Jeong took office as the CIO of the credit union last December. Previously, he had worked at former Daehan Investment Trust (currently, Hana Financial Investment) for 25 years, holding various positions there including head of asset management and a research team manager. He studied economics in Pusan National University in South Korea and earned a Master’s degree from the same college.
The following are Q&As with CIO Jeong.
Q: Please give us a brief explanation of your assets
A: “We have an 83% penetration rate among about 40,000 fire officers. My goal is to raise it to 99.9%. Given the total number of firefighters at 40,000, we have limitations on increasing the number of members, so my goal is to raise contributions per head. Despite our per-capita contribution ceiling of 3 million won, the average contribution is only 250,000 won now. That’s why our assets stay at just 600 billion won ($520 billion). Our priority is on increasing our asset size.”
“On top of high rates of returns, I think we need to roll out many products. We started to offer an installment-payment (pension type) product from the start of this year and a large-sum trust from March.”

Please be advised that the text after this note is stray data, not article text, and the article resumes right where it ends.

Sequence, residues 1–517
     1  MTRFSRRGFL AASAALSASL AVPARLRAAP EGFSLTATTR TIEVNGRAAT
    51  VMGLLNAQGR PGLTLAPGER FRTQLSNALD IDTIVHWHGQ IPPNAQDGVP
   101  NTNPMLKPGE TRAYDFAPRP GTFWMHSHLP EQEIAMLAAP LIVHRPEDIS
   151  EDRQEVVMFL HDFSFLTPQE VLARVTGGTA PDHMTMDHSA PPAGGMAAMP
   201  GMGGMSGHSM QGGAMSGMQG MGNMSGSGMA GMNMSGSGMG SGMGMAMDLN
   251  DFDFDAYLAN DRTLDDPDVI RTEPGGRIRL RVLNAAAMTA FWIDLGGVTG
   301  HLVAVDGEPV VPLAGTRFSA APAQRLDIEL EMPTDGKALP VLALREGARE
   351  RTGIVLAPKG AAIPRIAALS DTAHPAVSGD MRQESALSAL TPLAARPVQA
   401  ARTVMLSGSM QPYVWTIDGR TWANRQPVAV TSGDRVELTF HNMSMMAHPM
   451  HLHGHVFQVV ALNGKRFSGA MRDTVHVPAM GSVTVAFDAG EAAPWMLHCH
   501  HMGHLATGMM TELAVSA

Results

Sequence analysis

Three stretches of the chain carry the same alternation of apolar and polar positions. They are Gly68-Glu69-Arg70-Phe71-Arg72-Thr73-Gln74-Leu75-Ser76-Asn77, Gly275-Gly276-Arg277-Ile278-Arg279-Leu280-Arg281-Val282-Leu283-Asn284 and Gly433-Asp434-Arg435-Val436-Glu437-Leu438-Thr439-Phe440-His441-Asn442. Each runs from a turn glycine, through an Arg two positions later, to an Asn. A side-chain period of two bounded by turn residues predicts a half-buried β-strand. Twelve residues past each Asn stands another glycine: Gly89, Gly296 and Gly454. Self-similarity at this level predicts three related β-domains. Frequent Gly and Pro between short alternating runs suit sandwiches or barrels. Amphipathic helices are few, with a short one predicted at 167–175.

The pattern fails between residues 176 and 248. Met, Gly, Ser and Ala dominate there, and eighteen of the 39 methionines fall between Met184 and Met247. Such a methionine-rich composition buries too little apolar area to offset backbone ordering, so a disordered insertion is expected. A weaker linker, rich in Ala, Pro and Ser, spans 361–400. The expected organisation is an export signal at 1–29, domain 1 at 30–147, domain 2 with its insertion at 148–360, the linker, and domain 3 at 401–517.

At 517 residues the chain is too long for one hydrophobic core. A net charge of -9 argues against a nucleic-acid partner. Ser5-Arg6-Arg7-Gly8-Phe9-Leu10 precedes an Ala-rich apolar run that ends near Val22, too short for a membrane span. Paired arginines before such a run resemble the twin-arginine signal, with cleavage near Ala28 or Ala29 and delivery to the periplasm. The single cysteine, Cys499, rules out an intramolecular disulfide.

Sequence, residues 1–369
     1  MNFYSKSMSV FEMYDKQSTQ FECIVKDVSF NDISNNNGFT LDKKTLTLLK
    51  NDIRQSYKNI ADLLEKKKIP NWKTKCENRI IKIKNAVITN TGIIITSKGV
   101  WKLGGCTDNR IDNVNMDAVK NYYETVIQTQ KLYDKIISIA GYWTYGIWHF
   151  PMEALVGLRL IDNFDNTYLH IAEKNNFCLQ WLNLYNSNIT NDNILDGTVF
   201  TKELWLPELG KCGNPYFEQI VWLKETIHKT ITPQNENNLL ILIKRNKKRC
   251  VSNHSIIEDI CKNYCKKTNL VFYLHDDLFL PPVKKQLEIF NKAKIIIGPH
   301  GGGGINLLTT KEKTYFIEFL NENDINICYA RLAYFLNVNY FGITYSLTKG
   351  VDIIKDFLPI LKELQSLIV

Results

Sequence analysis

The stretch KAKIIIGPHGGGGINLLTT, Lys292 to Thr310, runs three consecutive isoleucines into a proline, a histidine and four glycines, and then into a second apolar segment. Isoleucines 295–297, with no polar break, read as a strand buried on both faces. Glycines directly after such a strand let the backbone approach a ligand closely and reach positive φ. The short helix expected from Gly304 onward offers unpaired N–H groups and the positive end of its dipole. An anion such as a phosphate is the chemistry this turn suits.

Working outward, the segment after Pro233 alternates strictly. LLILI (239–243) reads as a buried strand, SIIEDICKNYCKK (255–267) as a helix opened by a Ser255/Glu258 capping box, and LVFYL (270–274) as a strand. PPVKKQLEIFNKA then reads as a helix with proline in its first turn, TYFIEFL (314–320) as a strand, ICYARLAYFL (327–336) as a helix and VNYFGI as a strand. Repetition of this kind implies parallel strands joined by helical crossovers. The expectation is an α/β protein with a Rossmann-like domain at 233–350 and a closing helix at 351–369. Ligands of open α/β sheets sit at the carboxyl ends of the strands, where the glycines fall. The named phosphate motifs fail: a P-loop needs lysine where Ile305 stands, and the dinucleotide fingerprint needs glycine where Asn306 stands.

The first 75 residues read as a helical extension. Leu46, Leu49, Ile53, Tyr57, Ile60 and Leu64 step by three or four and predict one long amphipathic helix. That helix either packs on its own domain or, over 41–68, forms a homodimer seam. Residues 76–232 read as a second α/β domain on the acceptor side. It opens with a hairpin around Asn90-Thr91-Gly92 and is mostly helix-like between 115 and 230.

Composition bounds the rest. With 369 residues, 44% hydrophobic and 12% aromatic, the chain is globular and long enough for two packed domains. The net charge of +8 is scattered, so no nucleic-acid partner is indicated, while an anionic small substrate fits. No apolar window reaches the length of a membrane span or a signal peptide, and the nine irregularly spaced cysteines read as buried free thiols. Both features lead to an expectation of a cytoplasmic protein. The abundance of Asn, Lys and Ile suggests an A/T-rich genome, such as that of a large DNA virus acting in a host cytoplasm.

Q: How fast would you expect AUM to grow? And how would your future asset management strategy evolve down the road?
A: “It would be reasonable to say that it will increase by about 100 billion won per year. We expect to reach 1 trillion won by the end of 2018 hopefully, or around 2019. Large-sum trusts will serve as a new source of money inflows.”
“Once AUM exceeds 1 trillion won, our management direction will differ from the current one. We will be able to be aggressive in alternative investments. We can also do direct investments in equities.”
Q: How about your rate of returns?
A: “It is definitely higher than market rates, but lower than the other savings funds’. We are in the decision-making process on whether to adjust the target rate. I’m on the side of demanding a rise in the rates paid to our members. Our retirement benefit products offer 3.3%, and large-sum trusts offer 2.16% which I think we have room to raise to 2.7%. Although higher rates put a burden on the management side, I think it is important to increase the overall size of our association, so we have to raise the target rate of returns.”
Q: Please tell us your asset allocation plans for this year.